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Josh Verges, Argus Leader Media, Published December 09 2011

Police ID four killed in plane crash near Sioux Falls airport

SIOUX FALLS _ A charter pilot and three passengers on an educational robotics league trip were killed Friday afternoon when a plane headed for Rapid City crashed soon after leaving Sioux Falls Regional Airport.

The pilot tried returning to the airport after encountering some problem with the twin-engine Cessna 421C, but the plane spiraled to the ground in an open field one-quarter mile from Joe Foss Field about 2:24 p.m.

The impact left only the tail of the aircraft intact.

“We’re told there were four people aboard, and all were fatalities,” Federal Aviation Administration spokesman Tony Molinaro said.

Sioux Falls police said flight documentation showed four men were aboard the flight. They have not been positively identified, but they are presumed dead and family members were notified. They are:

Brian Blake, a 54-year-old charter pilot from Sioux Falls; Kevin W. Anderson, 50, of Sioux Falls; Daniel Swets, 47, of Sioux Falls; and Joshua Lambrecht, 30, of Brandon.

The men were flying to a FIRST Lego League practice competition in Rapid City.

Swets, an associate professor of computer science at Augustana College, was president of the South Dakota Robotics Association. A 2008 Argus Leader story identified Anderson, a 1987 Augie alum and systems analyst for the Sioux Falls School District, as a coach with the FIRST Lego League.

“We are deeply saddened at the tragic loss of Dan, our dear friend and colleague; Kevin, an Augustana alumnus; and the other passengers on board,” Augustana President Rob Oliver said. “Our thoughts and prayers go out to Robyn, Dan’s wife; his children, Joe, Kira, Megan and Ben; and to the families of the other passengers.”

Lambrecht was head referee for the robotics league, according to a recent letter to coaches.

Blake was pilot and manager for Quest Aviation, which operated a charter service at Sioux Falls Regional Airport. FAA records show he was certified as a pilot and flight instructor for both single and multi-engine planes.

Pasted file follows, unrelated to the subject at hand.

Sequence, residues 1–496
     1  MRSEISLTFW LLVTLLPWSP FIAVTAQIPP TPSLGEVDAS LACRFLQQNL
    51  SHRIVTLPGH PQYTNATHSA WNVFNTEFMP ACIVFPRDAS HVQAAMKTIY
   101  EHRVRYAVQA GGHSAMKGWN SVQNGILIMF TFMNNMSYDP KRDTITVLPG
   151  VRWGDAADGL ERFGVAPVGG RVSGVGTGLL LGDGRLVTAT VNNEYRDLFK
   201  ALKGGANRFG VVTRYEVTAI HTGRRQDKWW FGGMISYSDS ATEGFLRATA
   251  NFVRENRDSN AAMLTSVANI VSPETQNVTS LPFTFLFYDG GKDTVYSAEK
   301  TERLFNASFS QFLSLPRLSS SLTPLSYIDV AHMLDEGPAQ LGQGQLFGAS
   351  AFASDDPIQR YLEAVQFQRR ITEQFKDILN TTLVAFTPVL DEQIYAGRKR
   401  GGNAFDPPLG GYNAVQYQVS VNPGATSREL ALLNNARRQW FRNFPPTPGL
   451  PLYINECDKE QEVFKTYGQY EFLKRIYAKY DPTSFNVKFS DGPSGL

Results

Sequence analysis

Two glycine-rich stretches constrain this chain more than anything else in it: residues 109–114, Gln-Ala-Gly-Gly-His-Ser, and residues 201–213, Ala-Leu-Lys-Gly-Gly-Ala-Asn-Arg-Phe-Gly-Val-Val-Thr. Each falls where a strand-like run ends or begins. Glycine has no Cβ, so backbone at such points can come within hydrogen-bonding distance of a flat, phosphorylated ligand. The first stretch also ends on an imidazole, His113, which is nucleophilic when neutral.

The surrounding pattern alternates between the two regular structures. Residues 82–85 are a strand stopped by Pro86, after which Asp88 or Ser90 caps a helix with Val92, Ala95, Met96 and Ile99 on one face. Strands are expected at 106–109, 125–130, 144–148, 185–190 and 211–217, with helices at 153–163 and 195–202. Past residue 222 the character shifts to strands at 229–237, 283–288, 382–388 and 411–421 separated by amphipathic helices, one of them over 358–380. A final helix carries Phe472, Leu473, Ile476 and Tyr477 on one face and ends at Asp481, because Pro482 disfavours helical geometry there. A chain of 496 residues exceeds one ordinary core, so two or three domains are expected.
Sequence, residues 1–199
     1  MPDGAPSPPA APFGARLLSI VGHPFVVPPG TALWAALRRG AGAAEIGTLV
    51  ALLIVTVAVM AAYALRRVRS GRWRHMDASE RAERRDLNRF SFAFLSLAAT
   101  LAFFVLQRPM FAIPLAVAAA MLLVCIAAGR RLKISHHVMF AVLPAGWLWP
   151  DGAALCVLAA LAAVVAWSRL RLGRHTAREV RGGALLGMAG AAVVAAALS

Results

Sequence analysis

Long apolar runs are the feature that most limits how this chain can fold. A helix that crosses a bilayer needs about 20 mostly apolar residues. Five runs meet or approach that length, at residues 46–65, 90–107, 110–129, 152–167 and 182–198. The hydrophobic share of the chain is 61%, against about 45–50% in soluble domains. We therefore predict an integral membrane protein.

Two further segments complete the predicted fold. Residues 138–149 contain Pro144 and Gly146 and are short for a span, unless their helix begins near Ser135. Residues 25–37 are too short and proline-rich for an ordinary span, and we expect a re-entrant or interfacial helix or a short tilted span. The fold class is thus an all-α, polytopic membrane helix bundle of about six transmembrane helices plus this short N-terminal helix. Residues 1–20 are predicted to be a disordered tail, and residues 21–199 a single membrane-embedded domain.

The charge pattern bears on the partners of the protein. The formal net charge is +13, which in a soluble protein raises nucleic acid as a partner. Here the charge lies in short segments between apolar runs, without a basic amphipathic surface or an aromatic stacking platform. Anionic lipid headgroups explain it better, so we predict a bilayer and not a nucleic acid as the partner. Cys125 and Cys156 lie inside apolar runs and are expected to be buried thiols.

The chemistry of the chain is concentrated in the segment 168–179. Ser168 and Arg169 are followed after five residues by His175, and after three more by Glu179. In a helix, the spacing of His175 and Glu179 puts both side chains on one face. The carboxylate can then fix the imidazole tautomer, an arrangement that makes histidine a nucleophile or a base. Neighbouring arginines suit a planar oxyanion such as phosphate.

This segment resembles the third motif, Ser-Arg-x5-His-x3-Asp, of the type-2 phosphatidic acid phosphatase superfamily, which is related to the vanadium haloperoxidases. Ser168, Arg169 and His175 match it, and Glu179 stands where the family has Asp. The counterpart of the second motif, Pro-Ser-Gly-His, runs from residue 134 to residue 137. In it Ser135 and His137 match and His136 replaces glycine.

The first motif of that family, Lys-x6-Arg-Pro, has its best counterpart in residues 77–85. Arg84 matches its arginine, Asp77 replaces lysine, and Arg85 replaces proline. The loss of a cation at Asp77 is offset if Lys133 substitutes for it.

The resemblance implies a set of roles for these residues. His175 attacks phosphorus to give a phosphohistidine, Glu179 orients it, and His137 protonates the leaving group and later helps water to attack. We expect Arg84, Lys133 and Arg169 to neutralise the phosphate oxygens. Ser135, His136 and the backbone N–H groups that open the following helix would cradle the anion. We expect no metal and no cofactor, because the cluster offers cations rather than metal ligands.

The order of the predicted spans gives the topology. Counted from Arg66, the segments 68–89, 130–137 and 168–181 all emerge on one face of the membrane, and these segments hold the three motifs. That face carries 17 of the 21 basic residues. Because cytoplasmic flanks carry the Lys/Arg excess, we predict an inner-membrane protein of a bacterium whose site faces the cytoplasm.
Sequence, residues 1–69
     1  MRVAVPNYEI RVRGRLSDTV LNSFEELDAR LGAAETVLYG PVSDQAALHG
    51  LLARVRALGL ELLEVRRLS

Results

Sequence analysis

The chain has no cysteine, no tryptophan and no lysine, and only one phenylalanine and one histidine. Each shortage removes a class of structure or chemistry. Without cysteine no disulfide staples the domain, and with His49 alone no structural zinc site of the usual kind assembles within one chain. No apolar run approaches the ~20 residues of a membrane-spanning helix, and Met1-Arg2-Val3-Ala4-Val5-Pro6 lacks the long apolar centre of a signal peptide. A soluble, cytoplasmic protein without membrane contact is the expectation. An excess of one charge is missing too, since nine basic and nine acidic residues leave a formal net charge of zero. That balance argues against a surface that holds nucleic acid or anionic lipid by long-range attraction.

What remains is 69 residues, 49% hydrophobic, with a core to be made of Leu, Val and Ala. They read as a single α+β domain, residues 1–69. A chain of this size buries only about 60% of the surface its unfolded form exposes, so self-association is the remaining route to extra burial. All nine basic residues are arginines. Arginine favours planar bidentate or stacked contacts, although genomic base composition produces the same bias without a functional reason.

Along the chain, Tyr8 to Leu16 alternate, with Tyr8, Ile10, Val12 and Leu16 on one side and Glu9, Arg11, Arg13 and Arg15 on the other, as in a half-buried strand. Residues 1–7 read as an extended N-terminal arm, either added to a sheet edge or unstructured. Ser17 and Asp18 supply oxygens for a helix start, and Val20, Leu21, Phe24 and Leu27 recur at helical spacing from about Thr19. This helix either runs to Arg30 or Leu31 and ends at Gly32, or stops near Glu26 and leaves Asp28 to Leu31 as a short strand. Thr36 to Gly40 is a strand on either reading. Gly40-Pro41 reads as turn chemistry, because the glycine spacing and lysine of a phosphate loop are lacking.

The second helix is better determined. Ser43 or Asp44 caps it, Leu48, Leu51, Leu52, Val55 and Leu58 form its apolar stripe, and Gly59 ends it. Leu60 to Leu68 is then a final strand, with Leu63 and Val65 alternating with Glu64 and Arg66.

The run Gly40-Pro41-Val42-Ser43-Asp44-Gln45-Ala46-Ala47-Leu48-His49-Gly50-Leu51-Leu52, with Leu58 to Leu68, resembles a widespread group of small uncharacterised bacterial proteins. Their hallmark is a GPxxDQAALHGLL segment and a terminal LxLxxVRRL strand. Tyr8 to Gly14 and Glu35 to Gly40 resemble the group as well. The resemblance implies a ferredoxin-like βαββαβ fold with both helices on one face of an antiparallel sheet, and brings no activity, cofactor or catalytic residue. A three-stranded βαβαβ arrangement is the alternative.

The cause of the crash is not known.

John Dahlin was driving east on Benson Road near Westport Avenue when he saw the plane flying low and thought to himself, “That’s gotta pull up.” It didn’t.

“It was spinning completely in a nosedive,” he said. “Hit the ground. I saw the fuel spray everywhere. About a split-second later, it all lit up into flames.”

Dahlin said the plane looked completely intact before it hit the ground and he didn’t notice any smoke coming from the aircraft.

He said he got within 10 feet of the shattered aircraft and could see the pilot inside and blood on the windshield.

“It’s the craziest thing I’ve ever seen,” he said. “I’ll never forget this for as long as I live.”

Brian Tordsen, president of Maverick Air Center, located on the west side of the airport, said two employees were standing on the ramp outside and saw the plane go down soon after takeoff.

Tordsen said the plane crashed near the Sanford football complex, on the other side of the river and diversion channel and outside of airport property.

Jack Browning, general manager for Landmark Aviation near the airport, said the plane had been stored in a Landmark hangar and that the plane’s owner had been a client for a while.

Ben Arndt of Sioux Falls landed at Joe Foss Field around 2:30 p.m. and saw a large cloud of smoke “just after we touched down. We just watched it, and nobody knew what was going on.”

S&S Aviation of Ipswich owned the plane and leased it to Quest Aviation. S&S said in a statement that they were “deeply saddened to learn of the lives that were lost.”

FAA records show the plane was manufactured in 1975. The aircraft’s certificate of registration was renewed April 9, 2009, and was set to expire April 30, 2014.

The Cessna was on its 27th regional flight this month, according to the tracking service FlightAware.

Molinaro said the FAA will send a team of investigators to the crash scene, but the National Transportation Safety Board will be the lead investigative agency.

Argus Leader reporters Beth Wischmeyer, Dalton Walker, Sarah Reinecke, Jonathan Ellis and Megan Luther contributed to this report.